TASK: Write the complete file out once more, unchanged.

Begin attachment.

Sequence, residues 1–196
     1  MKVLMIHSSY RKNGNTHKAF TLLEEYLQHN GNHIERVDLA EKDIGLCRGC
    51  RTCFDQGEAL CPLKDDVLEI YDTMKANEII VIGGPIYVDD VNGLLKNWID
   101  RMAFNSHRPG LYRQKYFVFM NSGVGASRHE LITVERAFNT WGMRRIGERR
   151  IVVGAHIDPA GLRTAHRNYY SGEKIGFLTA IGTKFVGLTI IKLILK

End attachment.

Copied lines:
Sequence, residues 1–196
     1  MKVLMIHSSY RKNGNTHKAF TLLEEYLQHN GNHIERVDLA EKDIGLCRGC
    51  RTCFDQGEAL CPLKDDVLEI YDTMKANEII VIGGPIYVDD VNGLLKNWID
   101  RMAFNSHRPG LYRQKYFVFM NSGVGASRHE LITVERAFNT WGMRRIGERR
   151  IVVGAHIDPA GLRTAHRNYY SGEKIGFLTA IGTKFVGLTI IKLILK